Robert  H. Fleming

CHIEF ENGINEER

Chief Engineer Robert Fleming on the Britannic, at the portside aft end of A-deck.

Rank:

Ship:

Tonnage:

Year:

6th Engineer (up to 3rd)

Britannic (I)

5.000

From 1882

3rd Engineer

Teutonic

10.000

1889

2nd Engineer

Teutonic

10.000

1897

Chief Engineer

Bovic

6.600

?

Chief Engineer

Nomadic

5.700

?

Chief Engineer

Medic

12.200

1898/1899

Chief Engineer

Arabic

15.800

1903

Chief Engineer

Teutonic

10.000

?

Chief Engineer

Majestic

10.000

1907/1908/1909/1910

Chief Engineer

Laurentic

15.300

1910/1911 (?)

Chief Engineer

Olympic

45.300

1911/1912/1913

Chief Engineer

Britannic (II)

48.200

1914/1915/1916

Chief Engineer

Justicia

32.200

1917

POINTS OF INTEREST

By Remco Hillen

- Robert Fleming was present at the Jubilee Review, Spithead, in 1889 and at the Diamond Jubilee Review in 1897. He was part of the crew of the Teutonic, which was for the occasion transformed to an armed merchantman.

- Fleming made some maiden voyages, he was at least there on the Medic and Britannic, while he also might have been on the first trip of the Arabic.

- On Olympic, Fleming was the follow up of Joseph Bell who was transferred to the Titanic. Bell did not survive the sinking.

- The first time Olympic was in New York after the Titanic disaster, Senator W. A. Smith came onboard to inspect the sister ship of the Titanic. As part of the inspection, Fleming guided them through the engine and boiler rooms.

- Fleming was along the crewmen from Britannic who where transferred to the Justicia after the sinking of Britannic. Robert Hume and Claude Lancaster, among others of course, were also onboard. Alexander Hambleton, a future Olympic commander, was captain of the ship at that time.

 

By Michail Michailakis

  Robert H. Fleming was born in Ireland but his parents were from Scotland. He was educated at the Carmichael School. He started his apprenticeship serving in the workshop of the Cork Steam Packet Co. ,under the supervision of his father, and then worked for Messrs. John Steele & Sons, Cork. In order to gain more experience, he moved first to Belfast and worked for Messrs. J. Rowan & Son and then to Liverpool, where he started his technical training for a sea-going life, serving with two important firms, Messrs. J. Jack & Co. and Messrs. D. Rolln & Son.

  In July ,1881, he  joined the shore stuff of the White Star Line and nine months later he was appointed 6th Engineer of the Britannic  ,built in 1874 by Harland & Wolff (Note: she was the first of the three liners with this name built for the company during its long history). After having passed through the intermediate ranks, he was appointed Senior 3rd Engineer and was transferred to the Teutonic. He then served as Chief Engineer on the Bovic and on the Nomadic. After that Mr. Fleming  was appointed to the Medic ,while she was still under construction at Belfast, and shared the exciting moments of her maiden voyage to Australia, where the ship received a very warm welcome. Then he was transferred to the  Arabic  and the following year returned to the Teutonic. His  next  appointment was the Majestic, when she opened the service from Southampton. After five years he was appointed to the Laurentic. His next assignment was one of the most important of his career as he was appointed Chief Engineer to the first ship of the Olympic-class trio, the Olympic, while she was still under construction at Belfast. After having served on the Olympic until December 1913 he was transferred to the new Britannic , then being completed as a hospital ship. The second Britannic had ten times the tonnage and about twelve times the horse-power of the ship with the same name he was first appointed to. By serving on the Britannic he also had the distinction of being Chief Engineer on the largest British steamer from the date of her completion to the day of her demise. Mr. Fleming and his men remained to their posts and they escaped -through the 4th funnel- only moments before the ship'sfinaldescend into the depths. For his service he was awarded the Royal Decoration. He closed his long career on the Justicia in 1917.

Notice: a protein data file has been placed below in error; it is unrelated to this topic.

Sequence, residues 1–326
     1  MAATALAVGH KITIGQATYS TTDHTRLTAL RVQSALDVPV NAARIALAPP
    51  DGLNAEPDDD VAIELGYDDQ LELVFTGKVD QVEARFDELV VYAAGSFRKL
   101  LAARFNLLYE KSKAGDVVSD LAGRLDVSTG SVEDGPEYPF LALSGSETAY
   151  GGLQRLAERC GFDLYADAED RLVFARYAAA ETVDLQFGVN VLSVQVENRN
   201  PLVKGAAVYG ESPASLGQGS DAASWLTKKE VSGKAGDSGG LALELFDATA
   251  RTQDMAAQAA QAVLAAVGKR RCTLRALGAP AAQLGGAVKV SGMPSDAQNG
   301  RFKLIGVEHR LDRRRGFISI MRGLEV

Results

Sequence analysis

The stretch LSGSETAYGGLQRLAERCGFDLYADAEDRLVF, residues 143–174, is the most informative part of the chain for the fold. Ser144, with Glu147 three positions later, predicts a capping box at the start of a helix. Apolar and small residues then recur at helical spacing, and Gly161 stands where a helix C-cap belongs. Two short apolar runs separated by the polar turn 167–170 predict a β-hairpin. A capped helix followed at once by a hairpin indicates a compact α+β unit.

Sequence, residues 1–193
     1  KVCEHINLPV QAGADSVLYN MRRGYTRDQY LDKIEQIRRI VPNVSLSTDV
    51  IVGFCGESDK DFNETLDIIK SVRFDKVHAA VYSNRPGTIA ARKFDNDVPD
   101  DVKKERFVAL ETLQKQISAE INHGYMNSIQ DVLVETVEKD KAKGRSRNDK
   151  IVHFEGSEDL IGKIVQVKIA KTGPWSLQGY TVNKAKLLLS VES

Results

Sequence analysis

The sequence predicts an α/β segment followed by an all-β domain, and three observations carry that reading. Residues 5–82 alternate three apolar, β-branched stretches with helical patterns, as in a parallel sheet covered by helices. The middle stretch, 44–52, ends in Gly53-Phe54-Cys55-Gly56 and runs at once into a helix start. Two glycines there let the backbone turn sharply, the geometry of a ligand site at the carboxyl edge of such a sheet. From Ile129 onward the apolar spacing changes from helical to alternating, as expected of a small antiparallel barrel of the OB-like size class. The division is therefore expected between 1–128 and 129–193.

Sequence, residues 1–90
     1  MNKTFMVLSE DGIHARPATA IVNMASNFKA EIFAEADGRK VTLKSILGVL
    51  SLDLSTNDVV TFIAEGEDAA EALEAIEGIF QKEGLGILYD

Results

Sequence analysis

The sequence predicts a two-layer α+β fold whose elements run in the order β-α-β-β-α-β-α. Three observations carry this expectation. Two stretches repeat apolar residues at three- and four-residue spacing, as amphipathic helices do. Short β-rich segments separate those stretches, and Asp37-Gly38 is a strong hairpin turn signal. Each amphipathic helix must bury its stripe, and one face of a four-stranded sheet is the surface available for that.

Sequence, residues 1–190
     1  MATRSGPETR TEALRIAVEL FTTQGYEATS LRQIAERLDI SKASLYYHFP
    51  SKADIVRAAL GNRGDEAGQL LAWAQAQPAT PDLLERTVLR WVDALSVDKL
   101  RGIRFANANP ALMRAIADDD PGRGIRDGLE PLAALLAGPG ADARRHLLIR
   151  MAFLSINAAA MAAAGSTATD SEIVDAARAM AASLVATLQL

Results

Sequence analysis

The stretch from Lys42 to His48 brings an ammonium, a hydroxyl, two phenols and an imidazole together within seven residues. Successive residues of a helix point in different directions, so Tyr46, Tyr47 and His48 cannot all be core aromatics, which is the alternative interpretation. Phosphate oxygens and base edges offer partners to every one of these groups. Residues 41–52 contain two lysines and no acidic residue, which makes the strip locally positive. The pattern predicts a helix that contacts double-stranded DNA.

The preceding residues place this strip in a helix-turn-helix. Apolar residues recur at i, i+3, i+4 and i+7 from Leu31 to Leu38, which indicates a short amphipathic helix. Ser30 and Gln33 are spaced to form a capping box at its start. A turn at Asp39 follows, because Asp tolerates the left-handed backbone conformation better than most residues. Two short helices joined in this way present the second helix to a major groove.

Photo courtesy of Simon Mills  ©Wordsmith Publications

Crew information researched and compiled by Remco Hillen. No unauthorized usage allowed.

For any questions, remarks or possible mistakes, please contact

Sources

The Marine Engineer and Naval Architect - January 1917 (courtesy of Mark Chirnside)

Inger Sheil

Mark Chirnside

Mark Baber’s daily ‘White Star Line History’

‘HMHS Britannic, the Last Titan’ – Simon Mills

‘Hostage to Fortune’ – Simon Mills

‘RMS Olympic, Old Reliable’ – Simon Mills

‘William McMaster Murdoch – A Career at sea’ – Susanne Störmer

www.ellisisland.org

www.encyclopedia-titanica.org

www.titanic-titanic.com/white%20star%20line%20ships.shtml

www.titanicinquiry.org

www.theshipslist.com/ships/lines/bisn.html

www.william-mcmaster-murdoch.org

www.bytenet.net/kaleidoscope/osnc/fleet/baltic2.htm